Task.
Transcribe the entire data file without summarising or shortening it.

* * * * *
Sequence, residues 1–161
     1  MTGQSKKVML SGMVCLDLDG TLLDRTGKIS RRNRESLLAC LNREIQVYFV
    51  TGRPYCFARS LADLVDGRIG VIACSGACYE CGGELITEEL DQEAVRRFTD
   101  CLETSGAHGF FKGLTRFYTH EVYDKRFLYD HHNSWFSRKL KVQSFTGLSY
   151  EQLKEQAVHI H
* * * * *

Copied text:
Sequence, residues 1–161
     1  MTGQSKKVML SGMVCLDLDG TLLDRTGKIS RRNRESLLAC LNREIQVYFV
    51  TGRPYCFARS LADLVDGRIG VIACSGACYE CGGELITEEL DQEAVRRFTD
   101  CLETSGAHGF FKGLTRFYTH EVYDKRFLYD HHNSWFSRKL KVQSFTGLSY
   151  EQLKEQAVHI H